JpGU-AGU Joint Meeting 2020

Presentation information

[E] Poster

S (Solid Earth Sciences ) » S-IT Science of the Earth's Interior & Techtonophysics

[S-IT29] New perspectives on East Asia geodynamics

convener:Jonny Wu(University of Houston), Asuka Yamaguchi(Atomosphere and Ocean Research Institute, The University of Tokyo), Kyoko Okino(Atmosphere and Ocean Research Institute, The University of Tokyo), Timothy B Byrne(University of Connecticut)

[SIT29-P07] Tectono-depositional evolution of the Mio-Pleistocene forearc basin on the Boso Peninsula, central Japan

*Nana Kamiya1, Yuzuru Yamamoto2, Masayuki Utsunomiya3, Feng Zhang4, Weiren Lin1 (1.Graduate School of Engineering, Kyoto University, 2.Kobe University, 3.AIST, 4.Nagoya Institute of Technology)

Keywords:Forearc basin, Boso Peninsula, Vitrinite reflectance, Consolidation test

The Boso Peninsula, central Japan is located near a plate boundary between North America Plate, Philippine Sea Plate and Pacific Plate. The peninsula consists of accretionary prisms and a forearc basin fills, which indicates it developed with subduction of Sagami Trough. The forearc basin in the Boso Peninsula has developed with plate subduction and has a large-scale geological structure, the Kurotaki Unconformity. Variations of geological structure and lithology involved in the Kurotaki Unconformity has been confirmed, however detail of evolution such as paleotemperature and maximum burial depth are unclear. In this study, geological and engineering analyses were performed to investigate an evolution history of the Mio–Pleistocene forearc basin correlated to the plate subduction in the Boso Peninsula, central Japan.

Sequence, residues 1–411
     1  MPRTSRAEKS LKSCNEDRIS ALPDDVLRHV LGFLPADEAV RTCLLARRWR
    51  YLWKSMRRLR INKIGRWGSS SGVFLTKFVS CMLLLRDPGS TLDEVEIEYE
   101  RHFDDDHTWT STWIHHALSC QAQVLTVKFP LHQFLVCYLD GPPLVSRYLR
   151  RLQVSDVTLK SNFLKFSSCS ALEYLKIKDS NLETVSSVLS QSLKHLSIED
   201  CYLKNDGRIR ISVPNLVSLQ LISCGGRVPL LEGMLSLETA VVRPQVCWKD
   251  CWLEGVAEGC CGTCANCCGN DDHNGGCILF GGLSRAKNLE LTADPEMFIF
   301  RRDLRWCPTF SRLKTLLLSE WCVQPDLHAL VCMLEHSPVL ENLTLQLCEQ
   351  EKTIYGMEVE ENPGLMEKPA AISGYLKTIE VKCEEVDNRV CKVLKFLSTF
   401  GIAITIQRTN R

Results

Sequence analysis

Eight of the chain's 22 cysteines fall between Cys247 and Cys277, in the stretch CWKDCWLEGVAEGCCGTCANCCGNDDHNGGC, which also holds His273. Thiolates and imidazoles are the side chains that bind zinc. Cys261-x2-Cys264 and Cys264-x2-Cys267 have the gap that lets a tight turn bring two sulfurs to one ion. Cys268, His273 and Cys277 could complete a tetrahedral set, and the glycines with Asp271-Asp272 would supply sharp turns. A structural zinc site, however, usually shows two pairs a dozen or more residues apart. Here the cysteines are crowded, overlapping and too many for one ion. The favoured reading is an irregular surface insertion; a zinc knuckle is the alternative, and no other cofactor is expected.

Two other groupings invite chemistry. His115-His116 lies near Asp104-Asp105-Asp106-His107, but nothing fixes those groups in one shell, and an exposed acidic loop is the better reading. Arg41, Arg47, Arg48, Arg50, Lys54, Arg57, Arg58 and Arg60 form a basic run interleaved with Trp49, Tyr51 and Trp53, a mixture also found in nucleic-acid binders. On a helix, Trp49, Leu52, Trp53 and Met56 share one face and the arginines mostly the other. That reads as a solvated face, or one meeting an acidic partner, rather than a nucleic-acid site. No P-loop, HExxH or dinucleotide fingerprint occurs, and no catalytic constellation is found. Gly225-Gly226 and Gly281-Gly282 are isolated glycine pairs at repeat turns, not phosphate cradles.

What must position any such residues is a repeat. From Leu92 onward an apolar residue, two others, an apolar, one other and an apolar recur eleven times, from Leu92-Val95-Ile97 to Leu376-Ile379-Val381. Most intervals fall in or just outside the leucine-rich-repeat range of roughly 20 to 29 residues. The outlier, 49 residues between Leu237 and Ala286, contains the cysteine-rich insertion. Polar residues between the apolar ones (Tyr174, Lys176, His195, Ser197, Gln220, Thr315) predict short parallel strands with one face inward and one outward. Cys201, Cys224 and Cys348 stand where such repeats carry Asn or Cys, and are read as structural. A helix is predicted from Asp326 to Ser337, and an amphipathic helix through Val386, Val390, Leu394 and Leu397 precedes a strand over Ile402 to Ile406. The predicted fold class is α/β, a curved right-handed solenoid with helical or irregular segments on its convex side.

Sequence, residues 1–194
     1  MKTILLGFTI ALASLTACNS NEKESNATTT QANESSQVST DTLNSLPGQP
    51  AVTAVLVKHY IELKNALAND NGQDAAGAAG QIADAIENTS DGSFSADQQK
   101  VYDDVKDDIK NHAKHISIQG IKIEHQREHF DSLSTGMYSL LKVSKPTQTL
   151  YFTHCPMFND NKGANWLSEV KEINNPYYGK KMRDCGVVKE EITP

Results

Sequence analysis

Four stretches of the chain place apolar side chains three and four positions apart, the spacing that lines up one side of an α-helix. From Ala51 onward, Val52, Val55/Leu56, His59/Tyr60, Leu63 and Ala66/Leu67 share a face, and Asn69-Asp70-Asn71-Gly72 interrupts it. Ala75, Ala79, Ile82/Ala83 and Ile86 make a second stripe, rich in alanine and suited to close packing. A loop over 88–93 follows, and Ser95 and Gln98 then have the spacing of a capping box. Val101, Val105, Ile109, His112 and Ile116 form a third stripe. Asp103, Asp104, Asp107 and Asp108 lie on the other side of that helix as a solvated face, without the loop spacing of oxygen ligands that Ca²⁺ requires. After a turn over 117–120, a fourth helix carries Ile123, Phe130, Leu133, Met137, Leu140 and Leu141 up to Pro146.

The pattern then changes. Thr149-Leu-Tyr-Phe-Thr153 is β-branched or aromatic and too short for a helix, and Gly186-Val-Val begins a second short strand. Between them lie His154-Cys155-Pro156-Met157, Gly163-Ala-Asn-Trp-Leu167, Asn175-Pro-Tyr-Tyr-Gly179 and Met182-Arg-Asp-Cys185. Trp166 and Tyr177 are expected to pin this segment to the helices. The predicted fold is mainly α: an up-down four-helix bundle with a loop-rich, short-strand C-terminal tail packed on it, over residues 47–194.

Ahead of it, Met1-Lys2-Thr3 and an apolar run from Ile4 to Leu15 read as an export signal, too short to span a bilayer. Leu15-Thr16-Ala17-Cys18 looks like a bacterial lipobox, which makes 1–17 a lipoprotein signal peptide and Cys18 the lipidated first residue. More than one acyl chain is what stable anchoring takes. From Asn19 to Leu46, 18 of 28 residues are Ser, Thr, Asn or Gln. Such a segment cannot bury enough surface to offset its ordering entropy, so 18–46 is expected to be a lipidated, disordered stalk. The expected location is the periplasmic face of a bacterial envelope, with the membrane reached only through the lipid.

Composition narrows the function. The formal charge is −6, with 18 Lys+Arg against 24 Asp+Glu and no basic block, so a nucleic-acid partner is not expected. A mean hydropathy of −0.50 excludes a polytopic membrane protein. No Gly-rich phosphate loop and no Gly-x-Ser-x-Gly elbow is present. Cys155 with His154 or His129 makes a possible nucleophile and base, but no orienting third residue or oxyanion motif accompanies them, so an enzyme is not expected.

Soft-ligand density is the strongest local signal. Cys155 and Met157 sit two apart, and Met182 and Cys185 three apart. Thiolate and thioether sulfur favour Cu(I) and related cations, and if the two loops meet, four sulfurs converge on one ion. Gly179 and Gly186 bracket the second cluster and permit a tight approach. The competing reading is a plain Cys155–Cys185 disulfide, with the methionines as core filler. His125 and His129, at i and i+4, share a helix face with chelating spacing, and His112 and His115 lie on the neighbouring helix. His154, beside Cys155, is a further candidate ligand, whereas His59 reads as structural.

Integrating the results of the geological, paleo-thermal and consolidation analyses, an evolution history of the Boso forearc basin were suggested. In the western part, major differences above and below the Kurotaki Unconformity were identified in the distributions of geologic bodies and their structures, paleotemperatures, and consolidation characteristics. These variations probably relate to a change in the convergence direction of the Philippine Sea Plate at ~3 Ma. Uplift and erosion of the Miura Group during the formation of the unconformity, and compression parallel to the direction of plate-subduction apparently caused the variations in the attitudes of geologic bodies. In the eastern part, the distribution of the consolidation yield stress appears to indicate that the burial process of the forearc basin occurred regardless of the development of the Kurotaki Unconformity, as ascertained from the patterns of consolidation yield stress for the Kazusa and Miura groups above and below the unconformity, respectively. Vitrinite reflectance corresponding to paleotemperature also shows no break in trend or values across the Kurotaki Unconformity. Because this feature is similar to the characteristics of the consolidation yield stress trend, any difference in vitrinite reflectance across the unconformity is thought to have disappeared because of the burial process. The uninterrupted trends in vitrinite reflectance and consolidation trend in the eastern part between the Miura and the Kazusa groups can be explained by the greater subsidence of the eastern part of the Boso forearc basin compared with the western part since ~2.3 Ma. Considering a possibility that a subsidence and uplift rate around the Boso Peninsula had been dependent on the way of subduction, the investigated variation of evolution between the western and eastern part of the Boso forearc basin contribute to determining the way of subduction.